17:27:15andytoshi:nsh: one sec, that's not quite the right term..
17:28:13andytoshi:nsh: 'virtual black box' obfuscation means that if i give you the obfuscated program, you can't learn anything more than if i gave you access to a program-evaluation oracle "a simulator"
17:28:54andytoshi:nsh: whereas 'indistinguishability obfuscation' means that you cannot distinguish between two functionally-identical circuits, given only their obfuscations, assuming you are computationally bounded
17:29:48andytoshi:so what gmaxwell and i did gives a link between the IND-CPA security of FHE (a computationally bounded attacker cannot distinguish between plaintexts given only their encryptions for the FHE)
17:29:58andytoshi:and indistinguishability obfuscation
17:31:30andytoshi:but if the FHE had some strong simulation-y security property, the same argument should give black-box obfuscation, which is impossible.
17:31:43hearn:it’s only impossible for some very carefully chosen programs
17:31:46andytoshi:maybe that is not true, it's just an intuition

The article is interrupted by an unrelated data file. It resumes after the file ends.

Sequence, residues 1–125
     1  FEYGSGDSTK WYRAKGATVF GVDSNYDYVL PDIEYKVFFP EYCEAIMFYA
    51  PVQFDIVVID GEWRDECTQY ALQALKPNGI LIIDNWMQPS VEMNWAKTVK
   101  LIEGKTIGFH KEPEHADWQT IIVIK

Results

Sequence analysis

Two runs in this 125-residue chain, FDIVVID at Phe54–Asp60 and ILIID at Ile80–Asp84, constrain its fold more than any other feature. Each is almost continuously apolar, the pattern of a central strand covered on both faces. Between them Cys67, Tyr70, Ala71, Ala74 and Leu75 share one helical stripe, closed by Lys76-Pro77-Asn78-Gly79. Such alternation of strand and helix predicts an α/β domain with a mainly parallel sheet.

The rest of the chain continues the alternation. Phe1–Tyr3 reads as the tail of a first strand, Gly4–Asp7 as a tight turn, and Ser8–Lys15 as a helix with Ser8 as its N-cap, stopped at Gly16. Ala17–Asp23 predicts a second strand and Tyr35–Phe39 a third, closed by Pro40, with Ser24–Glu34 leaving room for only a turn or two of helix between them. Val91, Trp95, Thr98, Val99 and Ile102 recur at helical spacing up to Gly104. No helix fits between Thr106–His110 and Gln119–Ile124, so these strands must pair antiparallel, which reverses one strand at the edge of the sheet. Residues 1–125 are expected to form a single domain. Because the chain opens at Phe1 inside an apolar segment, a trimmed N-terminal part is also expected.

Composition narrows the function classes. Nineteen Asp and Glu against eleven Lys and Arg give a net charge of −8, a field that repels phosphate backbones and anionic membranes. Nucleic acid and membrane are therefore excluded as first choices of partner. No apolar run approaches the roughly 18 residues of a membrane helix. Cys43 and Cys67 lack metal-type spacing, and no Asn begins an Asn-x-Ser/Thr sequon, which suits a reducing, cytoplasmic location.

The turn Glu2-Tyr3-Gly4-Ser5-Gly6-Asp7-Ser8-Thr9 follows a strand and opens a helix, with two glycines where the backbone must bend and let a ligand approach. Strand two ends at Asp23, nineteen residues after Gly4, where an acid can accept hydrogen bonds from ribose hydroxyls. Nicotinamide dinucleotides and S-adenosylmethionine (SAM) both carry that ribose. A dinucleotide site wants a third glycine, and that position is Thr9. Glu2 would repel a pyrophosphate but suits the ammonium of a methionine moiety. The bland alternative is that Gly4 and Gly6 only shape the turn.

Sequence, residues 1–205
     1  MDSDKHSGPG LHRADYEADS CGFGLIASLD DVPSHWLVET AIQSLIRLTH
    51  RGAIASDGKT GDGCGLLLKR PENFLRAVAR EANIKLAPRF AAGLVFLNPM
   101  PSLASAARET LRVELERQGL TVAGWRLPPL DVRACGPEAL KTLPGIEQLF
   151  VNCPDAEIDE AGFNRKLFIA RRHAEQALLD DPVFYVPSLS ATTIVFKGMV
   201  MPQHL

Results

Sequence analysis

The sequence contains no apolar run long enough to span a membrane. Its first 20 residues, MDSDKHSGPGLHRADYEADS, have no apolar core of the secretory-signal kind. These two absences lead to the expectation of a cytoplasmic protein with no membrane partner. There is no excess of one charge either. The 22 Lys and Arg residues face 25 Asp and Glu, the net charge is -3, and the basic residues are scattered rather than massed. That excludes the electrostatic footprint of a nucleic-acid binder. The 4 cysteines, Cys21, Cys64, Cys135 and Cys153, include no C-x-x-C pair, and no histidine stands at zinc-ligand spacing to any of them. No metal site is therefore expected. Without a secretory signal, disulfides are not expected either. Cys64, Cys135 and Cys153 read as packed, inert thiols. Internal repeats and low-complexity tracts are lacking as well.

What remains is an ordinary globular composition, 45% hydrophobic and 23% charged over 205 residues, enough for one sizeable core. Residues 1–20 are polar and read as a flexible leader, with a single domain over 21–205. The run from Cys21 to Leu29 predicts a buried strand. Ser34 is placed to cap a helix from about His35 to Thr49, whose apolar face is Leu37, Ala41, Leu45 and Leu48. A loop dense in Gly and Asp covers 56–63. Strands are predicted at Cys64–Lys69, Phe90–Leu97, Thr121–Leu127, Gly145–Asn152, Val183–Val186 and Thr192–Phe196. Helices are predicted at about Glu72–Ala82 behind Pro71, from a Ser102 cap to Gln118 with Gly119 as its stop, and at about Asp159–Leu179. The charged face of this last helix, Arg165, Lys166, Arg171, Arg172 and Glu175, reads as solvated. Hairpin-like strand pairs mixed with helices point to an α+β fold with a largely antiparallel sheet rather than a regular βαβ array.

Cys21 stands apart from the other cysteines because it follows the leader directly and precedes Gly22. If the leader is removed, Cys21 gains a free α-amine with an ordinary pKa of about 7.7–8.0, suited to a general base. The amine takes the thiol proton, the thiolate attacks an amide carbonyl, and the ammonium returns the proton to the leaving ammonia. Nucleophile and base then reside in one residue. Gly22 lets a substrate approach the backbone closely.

17:31:51hearn:it may not be impossible for actual useful programs
17:32:14andytoshi:hearn: right, and there is a result to the effect that -if- black-box obfuscation is possible for some class, then indistinguishability obfuscation gives you it o.O
17:32:39nsh:one paper suggests a "pseudo-entropy" measure/bound that might define the possibility threshold
17:33:00nsh:"The Impossibility of Obfuscation with Auxiliary Input or a Universal Simulator"
17:33:28gmaxwell:It's a VERY wanky argument though.
17:34:06andytoshi:i can't seem to find it..
17:34:42nsh:( http://eprint.iacr.org/2013/665.pdf‎ )
17:34:57gmaxwell:Basically it says, say you have a BB-ofb that works on program X. so you feed BB-obf(X) and X into your ID-OBF .. and the two results must be indistingushable if the ID-OBF worked. So therefore for X ID-OBF is just as good as BB-obf.
17:35:26gmaxwell:It's the sort of argument your mom gives you when you explain what you're working on and it invalidates years of work. :P
17:37:15andytoshi:gmaxwell: you are referring to the "ind-obfs implies BB" result "On best-possible obfuscation" goldwasser/rothblum 2007?